Unformatted text preview: er 3 culminated with
the Real Factorization Theorem, Theorem 3.16, which says that all polynomial functions with real
coeﬃcients can be thought of as products of linear and quadratic functions. Our next step was to
enlarge our ﬁeld2 of study to rational functions in Chapter 4. Being quotients of polynomials, we
can ultimately view this family of functions as being built up of linear and quadratic functions as
well. So in some sense, Chapters 2, 3, and 4 can be thought of as an exhaustive study of linear and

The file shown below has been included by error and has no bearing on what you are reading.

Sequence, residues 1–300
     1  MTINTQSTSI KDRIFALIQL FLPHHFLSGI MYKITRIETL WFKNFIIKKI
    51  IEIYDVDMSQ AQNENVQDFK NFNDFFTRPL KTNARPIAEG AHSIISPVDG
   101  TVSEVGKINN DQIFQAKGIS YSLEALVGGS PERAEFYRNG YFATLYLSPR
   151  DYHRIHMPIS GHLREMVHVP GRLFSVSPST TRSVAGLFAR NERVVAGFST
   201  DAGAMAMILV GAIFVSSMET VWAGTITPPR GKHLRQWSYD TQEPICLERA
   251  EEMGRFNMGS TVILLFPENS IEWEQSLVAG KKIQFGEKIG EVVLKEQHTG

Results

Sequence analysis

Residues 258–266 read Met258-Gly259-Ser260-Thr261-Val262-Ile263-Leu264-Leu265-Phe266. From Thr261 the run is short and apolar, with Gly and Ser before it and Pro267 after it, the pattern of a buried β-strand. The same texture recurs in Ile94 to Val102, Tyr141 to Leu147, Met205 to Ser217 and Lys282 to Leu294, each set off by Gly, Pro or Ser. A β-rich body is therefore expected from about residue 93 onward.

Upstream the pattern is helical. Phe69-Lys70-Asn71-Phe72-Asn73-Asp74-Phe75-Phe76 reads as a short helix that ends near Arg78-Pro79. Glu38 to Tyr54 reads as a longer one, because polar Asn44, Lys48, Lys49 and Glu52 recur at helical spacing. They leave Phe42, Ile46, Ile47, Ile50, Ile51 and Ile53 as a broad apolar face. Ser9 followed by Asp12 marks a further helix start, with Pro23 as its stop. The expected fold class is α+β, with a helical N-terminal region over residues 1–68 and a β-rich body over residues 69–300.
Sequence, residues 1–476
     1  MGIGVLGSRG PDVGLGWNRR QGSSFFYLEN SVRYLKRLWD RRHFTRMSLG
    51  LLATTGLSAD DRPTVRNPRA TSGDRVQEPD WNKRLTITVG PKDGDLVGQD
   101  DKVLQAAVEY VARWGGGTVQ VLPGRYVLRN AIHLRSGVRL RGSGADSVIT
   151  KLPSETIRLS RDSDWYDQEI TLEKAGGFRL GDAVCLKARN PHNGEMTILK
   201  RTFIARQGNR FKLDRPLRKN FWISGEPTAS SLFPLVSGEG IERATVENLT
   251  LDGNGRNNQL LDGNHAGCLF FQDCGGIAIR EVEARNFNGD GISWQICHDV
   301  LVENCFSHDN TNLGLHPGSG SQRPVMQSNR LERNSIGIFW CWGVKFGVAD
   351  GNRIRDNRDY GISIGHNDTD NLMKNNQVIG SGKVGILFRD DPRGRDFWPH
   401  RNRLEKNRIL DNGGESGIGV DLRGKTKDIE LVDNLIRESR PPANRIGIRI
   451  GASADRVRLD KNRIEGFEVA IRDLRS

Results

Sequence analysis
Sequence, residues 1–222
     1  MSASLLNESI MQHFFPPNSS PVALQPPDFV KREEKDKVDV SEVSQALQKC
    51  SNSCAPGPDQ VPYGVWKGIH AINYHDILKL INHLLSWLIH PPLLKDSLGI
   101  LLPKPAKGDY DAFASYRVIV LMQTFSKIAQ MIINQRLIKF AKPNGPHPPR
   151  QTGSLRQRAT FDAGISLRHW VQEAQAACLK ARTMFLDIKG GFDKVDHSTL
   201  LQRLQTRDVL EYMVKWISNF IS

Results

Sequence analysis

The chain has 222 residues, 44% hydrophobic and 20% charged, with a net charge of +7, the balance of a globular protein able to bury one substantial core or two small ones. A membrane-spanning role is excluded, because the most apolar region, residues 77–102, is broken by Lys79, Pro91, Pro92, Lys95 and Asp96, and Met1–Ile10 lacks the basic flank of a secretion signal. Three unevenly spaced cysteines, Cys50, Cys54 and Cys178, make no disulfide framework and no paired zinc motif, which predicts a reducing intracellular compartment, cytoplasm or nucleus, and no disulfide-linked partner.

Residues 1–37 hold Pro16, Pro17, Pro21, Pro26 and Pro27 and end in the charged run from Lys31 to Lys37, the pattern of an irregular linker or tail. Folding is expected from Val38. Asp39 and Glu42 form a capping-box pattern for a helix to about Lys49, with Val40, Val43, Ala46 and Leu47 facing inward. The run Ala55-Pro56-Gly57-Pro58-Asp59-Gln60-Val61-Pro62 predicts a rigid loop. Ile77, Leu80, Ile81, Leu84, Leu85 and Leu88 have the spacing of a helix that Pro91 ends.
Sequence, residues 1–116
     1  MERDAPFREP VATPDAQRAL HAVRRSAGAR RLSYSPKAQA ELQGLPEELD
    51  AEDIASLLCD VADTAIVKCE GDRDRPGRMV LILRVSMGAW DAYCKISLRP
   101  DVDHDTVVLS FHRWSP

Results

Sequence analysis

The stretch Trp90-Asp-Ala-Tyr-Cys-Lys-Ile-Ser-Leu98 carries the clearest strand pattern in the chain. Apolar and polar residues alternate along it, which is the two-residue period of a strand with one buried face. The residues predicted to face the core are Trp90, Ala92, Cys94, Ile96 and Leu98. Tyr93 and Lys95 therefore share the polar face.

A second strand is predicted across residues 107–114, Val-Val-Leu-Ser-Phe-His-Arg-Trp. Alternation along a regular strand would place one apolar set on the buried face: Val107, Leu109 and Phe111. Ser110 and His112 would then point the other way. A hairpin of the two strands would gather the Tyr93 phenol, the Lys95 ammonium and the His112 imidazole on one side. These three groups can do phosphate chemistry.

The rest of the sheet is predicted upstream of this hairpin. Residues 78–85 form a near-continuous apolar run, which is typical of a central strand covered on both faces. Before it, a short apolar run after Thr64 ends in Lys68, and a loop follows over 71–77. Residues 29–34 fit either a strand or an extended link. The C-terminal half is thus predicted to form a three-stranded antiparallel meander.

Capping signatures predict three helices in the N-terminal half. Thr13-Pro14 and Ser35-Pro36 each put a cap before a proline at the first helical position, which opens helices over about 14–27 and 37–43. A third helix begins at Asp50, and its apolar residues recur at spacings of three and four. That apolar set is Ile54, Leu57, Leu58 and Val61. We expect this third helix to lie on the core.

quadratic3 functions and their arithmetic combinations as described in Section 1.6. We now wish
√
to study other algebraic functions, such as f (x) = x and g (x) = x2/3 , and the purpose of the
ﬁrst two sections of this chapter is to see how these kinds of functions arise from polynomial and
rational functions. To that end, we ﬁrst study a new way to combine functions as deﬁned below.
Definition 5.1. Suppose f and g are two functions. The composite of g with f , denoted g ◦ f ,
is deﬁned by the formula (g...
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 Fall '13
 Wong
 Algebra, Trigonometry, Cartesian Coordinate System, The Land, The Waves, René Descartes, Euclidean geometry

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